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Texas' Anti-Choice Legislation Sets Dangerous Precedent

Ah, the Lone Star State. Where two-stepping is the most romantic first date, being an Aggie or a Longhorn practically defines you, and state pride takes on a whole new meaning. True, Texas has its charms, but the state is also well-known for extreme anti-abortion rhetoric and a Republican-controlled legislature. A 2016 anti-abortion Supreme Court ruling made national headlines when it was shut down, giving hope to pro-choice advocates across the state. But now, a new wave of Texas' anti-choice legislation is setting a dangerous precedent for states and harming its female citizens.

There are currently 45 proposed bills in the Texas state legislature relating to anti-abortion practices, all introduced in 2017. Clearly, lawmakers are dedicated to fighting back against the Supreme Court ruling last year, and with conservative Neil Gorsuch confirmed as the latest justice, Texas just might stand a chance if they decide to take things to a higher level. But, as it stands, Texas already has so few abortion clinics, that any further legislation on the matter would significantly harm its female citizens. This plethora of anti-choice legislation would also show other states what's possible with Trump in the White House and the GOP controlling all major branches of the government.

Perhaps the most disturbing of the proposed bills, H.J.R. No. 121 completely dismisses the notion of the separation of church and state. The joint resolution takes anti-choice sentiment to the most severe magnitude, with the introduction stating that the author of the bill is "proposing a constitutional amendment guaranteeing the right to life of unborn children and prohibiting abortion to the fullest extent possible ... to be known as the "Life at Conception provision of the Texas Constitution's Bill of Rights." And no, that's not a joke.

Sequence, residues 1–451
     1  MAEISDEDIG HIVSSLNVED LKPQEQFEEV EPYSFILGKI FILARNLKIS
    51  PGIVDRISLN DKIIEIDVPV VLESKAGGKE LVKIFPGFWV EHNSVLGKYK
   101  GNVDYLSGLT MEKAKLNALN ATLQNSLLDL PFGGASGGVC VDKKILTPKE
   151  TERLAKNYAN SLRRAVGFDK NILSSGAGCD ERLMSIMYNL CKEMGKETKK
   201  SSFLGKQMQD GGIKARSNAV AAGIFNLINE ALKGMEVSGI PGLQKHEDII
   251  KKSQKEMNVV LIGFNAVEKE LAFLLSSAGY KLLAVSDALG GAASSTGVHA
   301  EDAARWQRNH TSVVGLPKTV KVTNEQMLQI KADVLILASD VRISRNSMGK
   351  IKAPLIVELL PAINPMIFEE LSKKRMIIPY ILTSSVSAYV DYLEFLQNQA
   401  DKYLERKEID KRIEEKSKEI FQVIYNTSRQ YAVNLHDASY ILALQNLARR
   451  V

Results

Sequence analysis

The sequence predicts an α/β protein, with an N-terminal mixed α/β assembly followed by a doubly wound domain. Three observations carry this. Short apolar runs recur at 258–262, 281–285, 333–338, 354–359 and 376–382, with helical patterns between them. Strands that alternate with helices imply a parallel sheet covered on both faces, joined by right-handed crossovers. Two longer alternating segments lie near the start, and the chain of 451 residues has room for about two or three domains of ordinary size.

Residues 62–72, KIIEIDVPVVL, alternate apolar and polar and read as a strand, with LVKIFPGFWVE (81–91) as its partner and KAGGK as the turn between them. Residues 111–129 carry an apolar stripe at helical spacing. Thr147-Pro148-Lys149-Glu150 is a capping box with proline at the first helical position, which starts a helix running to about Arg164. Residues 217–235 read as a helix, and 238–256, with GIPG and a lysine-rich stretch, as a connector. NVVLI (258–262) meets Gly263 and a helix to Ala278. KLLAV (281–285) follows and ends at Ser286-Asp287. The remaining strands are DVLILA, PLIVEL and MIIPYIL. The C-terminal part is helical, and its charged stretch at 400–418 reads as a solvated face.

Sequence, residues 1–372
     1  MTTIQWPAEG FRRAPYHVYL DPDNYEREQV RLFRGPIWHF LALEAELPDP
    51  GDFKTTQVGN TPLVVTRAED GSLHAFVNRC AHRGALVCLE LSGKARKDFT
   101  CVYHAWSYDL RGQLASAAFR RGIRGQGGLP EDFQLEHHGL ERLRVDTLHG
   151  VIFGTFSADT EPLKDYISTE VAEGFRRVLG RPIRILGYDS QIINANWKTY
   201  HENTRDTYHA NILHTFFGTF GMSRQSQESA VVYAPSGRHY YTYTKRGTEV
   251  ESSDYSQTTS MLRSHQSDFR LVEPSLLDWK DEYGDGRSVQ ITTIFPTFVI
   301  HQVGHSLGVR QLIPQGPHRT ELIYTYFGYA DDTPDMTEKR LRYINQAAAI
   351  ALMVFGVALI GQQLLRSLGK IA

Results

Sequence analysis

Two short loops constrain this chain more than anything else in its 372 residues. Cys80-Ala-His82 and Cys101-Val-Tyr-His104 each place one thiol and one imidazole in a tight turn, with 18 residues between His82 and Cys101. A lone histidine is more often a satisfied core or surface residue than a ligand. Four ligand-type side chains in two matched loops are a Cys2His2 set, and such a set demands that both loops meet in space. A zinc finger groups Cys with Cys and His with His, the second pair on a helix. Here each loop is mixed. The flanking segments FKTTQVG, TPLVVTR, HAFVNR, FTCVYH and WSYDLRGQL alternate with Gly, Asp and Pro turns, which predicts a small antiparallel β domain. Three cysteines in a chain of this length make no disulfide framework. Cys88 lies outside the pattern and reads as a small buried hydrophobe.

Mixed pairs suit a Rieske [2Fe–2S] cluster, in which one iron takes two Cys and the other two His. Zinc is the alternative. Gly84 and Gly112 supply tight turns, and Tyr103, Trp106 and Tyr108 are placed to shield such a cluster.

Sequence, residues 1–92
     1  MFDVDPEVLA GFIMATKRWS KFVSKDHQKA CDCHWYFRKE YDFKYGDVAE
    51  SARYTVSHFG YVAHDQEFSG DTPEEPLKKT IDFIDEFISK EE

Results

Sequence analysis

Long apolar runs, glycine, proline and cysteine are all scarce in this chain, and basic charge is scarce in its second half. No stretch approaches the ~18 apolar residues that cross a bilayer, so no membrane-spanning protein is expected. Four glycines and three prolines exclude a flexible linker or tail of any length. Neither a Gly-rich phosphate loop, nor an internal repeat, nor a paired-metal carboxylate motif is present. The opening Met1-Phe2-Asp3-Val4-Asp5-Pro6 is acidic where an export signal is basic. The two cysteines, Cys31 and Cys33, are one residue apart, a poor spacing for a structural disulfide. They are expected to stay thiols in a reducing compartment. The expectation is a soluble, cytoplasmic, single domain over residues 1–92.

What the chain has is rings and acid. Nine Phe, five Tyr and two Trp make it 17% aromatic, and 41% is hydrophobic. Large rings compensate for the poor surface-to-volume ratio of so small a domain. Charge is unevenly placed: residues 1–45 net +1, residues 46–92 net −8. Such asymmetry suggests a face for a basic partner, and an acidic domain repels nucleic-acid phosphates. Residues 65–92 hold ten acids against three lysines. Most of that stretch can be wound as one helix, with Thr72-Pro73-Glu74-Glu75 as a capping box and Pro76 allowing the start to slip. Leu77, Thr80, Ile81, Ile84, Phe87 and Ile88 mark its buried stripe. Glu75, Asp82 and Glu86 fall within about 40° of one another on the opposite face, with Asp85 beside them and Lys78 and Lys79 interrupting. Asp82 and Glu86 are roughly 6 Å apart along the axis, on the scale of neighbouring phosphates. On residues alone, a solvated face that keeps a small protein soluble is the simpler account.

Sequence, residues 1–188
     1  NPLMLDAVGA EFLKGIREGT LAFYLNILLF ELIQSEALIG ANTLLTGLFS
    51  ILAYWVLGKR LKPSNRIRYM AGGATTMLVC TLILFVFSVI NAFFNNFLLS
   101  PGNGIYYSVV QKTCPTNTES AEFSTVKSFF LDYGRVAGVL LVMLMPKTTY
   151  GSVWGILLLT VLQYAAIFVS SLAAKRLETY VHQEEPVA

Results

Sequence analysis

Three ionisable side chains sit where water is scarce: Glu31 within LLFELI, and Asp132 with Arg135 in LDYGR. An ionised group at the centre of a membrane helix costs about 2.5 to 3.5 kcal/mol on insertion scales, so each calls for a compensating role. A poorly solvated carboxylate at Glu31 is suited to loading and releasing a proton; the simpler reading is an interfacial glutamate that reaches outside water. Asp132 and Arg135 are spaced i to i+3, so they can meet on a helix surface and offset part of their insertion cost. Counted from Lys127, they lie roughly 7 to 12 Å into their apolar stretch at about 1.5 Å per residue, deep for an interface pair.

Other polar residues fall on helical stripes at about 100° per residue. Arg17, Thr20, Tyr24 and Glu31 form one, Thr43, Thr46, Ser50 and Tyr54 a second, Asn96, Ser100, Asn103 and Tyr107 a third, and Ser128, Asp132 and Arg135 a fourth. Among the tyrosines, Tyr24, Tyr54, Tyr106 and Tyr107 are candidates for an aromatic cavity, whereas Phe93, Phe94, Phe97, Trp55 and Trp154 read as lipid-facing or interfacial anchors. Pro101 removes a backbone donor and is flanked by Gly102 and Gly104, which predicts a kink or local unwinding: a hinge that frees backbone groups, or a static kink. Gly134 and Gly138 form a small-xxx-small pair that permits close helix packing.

Of course, there are also bills that propose forcing women to bury or cremate their aborted fetuses, and demand that abortion providers jump through hoops in order to begin any procedure. But what all pieces of legislation ignore is the simple fact that a woman should have control over her own body, and that a woman who is undergoing an abortion has likely already faced intense emotional trauma or mental stress in coming to that decision itself. Adding to it only adds undue burden.

Unfortunately, with so much Republican control in both the state of Texas and federal government, it seems that many of these bills will stand a good chance of becoming law, paving the way for other states to do the same. According to a senior state issues manager at the Guttmacher Institute, Elizabeth Nash, Texas is moving dangerously fast with its new anti-choice bills:

What makes Texas unique is that the clinic system was undercut so quickly. Texas has taken what might have happened in a decade or more in another state and collapsed it into a year.

While the SCOTUS ruling of 2016 might have halted lawmakers in other states, Texans have once again proved their persistence, something that states like Kentucky, which has tried hard to shut down abortion clinics, can cling to. And as Texas lawmakers have allocated an extra $20 million in funding for anti-choice actions (taking that money away from the state Commission on Environmental Quality), it seems that they may get exactly what they want. And, in many ways, Texas' female citizens will be the ones paying the price.